A choice between Aston Martin and Bob.

Did you know that you can buy a stroller (for a baby) made by Aston Martin? Did you know that it would cost you $4,000? I present this, for now, without comment. We’ll come back to it momentarily.

Sometimes, when I tell people about the sort of work we do at Beacon, I get the sense that some view our primary mission and value as simply the building of wealth. And of course, that’s part of what we do, and an important one at that. No one exactly hires us to make a nice La-Z-Boy shape out of their pile of money and just sit on it for 30 years. After all, the bank will pay them a couple pennies a year to do that. But the concept and reality of inflation would make that course of action pretty detrimental to most folks, so we build wealth for clients the best we know how, harnessing the power of the capital markets as efficiently as possible, and as effectively as human behavior allows.

That last bit–human behavior–makes things really tricky. Even the term itself is a bit of a misnomer, given that misbehaving is part of the human condition. For example, watching our hard-earned and carefully-saved money fluctuate wildly with the stock market in either direction can do strange things to our emotions (and even our bodies!), and those strange emotions sometimes make us want to commit strange actions with our money, most of which turn out to be quite destructive. And so another important part of what we do is helping people preserve their wealth, by acting as a buffer to those crazy and natural emotions that are hard-wired into our being.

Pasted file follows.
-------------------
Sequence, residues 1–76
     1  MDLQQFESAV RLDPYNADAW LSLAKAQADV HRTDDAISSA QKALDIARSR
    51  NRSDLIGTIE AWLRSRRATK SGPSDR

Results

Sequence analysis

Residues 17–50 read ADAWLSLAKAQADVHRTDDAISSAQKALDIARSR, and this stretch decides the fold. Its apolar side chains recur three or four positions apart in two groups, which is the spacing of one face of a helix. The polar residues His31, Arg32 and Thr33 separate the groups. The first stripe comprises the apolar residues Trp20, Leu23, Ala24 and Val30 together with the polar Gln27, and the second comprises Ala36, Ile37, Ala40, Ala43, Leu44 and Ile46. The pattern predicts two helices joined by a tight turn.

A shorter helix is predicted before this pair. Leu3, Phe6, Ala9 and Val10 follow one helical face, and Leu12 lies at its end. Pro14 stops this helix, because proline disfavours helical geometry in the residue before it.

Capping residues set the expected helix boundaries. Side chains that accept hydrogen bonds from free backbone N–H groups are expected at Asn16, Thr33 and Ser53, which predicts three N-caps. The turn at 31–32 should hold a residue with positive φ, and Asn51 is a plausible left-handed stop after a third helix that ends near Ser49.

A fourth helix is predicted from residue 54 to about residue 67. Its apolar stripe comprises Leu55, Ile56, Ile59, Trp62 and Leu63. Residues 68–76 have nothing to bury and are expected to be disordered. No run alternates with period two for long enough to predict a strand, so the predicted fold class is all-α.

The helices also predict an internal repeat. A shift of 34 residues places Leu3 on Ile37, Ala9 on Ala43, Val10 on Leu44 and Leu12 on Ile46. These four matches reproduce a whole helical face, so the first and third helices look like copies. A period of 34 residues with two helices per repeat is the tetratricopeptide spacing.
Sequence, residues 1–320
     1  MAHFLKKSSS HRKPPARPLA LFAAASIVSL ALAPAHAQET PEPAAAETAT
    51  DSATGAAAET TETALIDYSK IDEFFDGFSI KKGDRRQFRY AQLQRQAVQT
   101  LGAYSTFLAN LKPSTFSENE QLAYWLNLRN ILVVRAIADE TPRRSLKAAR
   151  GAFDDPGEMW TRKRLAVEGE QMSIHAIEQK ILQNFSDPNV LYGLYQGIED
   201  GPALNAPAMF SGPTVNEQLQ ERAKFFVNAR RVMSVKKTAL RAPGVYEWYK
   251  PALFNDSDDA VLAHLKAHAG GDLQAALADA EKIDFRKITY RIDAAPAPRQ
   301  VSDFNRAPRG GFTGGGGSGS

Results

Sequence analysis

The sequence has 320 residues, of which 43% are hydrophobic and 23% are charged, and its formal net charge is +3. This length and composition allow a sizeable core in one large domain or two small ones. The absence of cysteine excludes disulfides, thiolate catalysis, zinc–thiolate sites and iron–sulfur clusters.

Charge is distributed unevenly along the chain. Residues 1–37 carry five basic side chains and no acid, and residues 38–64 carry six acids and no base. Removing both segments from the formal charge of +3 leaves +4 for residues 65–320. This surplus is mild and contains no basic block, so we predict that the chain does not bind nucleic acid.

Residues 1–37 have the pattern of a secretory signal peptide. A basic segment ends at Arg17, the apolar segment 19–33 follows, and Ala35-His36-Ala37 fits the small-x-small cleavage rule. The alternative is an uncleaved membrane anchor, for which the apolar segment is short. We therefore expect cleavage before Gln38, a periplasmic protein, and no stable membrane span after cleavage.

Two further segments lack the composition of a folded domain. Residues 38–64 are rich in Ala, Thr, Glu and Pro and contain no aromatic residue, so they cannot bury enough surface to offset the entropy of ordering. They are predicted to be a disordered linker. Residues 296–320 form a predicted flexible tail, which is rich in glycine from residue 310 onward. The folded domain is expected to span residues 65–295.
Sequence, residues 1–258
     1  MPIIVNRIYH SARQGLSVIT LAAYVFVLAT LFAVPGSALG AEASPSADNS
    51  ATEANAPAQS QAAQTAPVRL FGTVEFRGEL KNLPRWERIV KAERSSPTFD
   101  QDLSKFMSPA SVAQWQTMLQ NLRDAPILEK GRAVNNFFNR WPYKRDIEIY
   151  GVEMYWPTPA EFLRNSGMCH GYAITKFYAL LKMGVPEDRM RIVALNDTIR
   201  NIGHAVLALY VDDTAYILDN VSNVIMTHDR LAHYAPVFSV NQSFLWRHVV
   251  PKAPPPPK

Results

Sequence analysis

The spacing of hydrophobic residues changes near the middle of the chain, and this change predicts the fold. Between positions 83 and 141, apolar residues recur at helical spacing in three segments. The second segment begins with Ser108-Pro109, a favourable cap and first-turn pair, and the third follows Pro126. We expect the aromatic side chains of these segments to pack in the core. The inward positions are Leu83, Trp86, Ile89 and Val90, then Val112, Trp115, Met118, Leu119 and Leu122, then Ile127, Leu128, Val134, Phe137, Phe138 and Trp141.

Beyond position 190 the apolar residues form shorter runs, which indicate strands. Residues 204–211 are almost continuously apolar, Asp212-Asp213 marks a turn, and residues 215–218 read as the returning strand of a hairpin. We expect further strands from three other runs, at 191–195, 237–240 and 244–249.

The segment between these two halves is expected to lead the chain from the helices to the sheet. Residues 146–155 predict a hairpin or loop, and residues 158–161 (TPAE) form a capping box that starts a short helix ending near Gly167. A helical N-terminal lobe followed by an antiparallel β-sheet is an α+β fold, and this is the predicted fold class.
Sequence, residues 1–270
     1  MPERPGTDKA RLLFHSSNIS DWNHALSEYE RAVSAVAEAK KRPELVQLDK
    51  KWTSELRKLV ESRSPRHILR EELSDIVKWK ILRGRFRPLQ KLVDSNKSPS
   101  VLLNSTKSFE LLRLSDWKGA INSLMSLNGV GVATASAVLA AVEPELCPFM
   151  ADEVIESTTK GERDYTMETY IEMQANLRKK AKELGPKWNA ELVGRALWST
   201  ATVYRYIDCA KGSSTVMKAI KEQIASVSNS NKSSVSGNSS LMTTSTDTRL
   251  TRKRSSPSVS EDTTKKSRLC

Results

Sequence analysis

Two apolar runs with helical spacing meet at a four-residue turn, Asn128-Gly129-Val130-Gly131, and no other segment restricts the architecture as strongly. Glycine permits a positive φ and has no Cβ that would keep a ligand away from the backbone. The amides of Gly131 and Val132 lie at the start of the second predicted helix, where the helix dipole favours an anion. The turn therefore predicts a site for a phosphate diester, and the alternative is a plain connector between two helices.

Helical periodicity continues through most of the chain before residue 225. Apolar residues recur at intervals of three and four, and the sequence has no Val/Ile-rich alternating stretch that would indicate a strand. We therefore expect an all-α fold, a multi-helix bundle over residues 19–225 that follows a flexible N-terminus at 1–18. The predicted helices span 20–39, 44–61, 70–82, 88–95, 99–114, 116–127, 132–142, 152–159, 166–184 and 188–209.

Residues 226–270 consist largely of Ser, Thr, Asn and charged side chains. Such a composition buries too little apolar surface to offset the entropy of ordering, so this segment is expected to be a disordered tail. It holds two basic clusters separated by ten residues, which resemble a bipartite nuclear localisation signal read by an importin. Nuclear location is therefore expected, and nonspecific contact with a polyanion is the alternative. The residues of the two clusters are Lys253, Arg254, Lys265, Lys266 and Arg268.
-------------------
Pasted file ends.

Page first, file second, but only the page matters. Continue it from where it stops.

But what about when markets aren’t fluctuating wildly? What are we doing then?

Aston Martin StrollerI said earlier that you could by a $4,000 stroller made by Aston Martin. It’s true; I didn’t make it up. I’ve even included a picture of it. As you can see, it’s really nice. Even though babies in strollers can’t really see well for several of the first months of their lives, I’m sure that they would appreciate the craftsmanship of the stroller and the comfort it provides them as they habitually spit up. But there is another company that makes strollers, called Bob, and while that name is admittedly a marketing failure next to the likes of Aston Martin (doesn’t Bob even have a last name?), Bob does make pretty good strollers. You could get one for about one tenth of $4,000.

So, if you were in the process of shopping for strollers, and you had the Aston Martin and the Bob side by side, what is the question that you would have banging around in your brain? It’s a common and important one: What should we do? 

What an interesting question.

  • We have some extra money that we would like to save, but we don’t know whether to save it in the 401k or our taxable account. What should we do?
  • We would like to provide some support to our kids if they choose to go to college, but we aren’t sure if we should try to pay for all of it. What should we do?
  • We would like to pay off our mortgage as quickly as possible, but we don’t know if that makes sense with interest rates this low. What should we do?
  • We would like to travel more often to Banff in these earlier years of retirement, but we aren’t sure if we can afford it. What should we do?

The really fascinating thing about this question is that there is hardly ever “the right” answer. But there is almost always the best answer–for you and your family and all the variables that make you unique. And that’s what we’re here for, to help determine what that answer is.

So next time you find yourself asking “What should we do?” know that we would love to sit down and hear about the choice in front of you. Get in touch with us!

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Jared Korver
[email protected]

A product of small-town North Carolina (Carthage, to be exact), I’m proudly married to my best friend and co-adventurer, Amy. Together, we have two sons–Miles and Charlie–and could more or less start a library from our home. I love being outside, can’t read enough, am in the habit of writing haikus, and find food and coffee to be among life’s greatest treasures.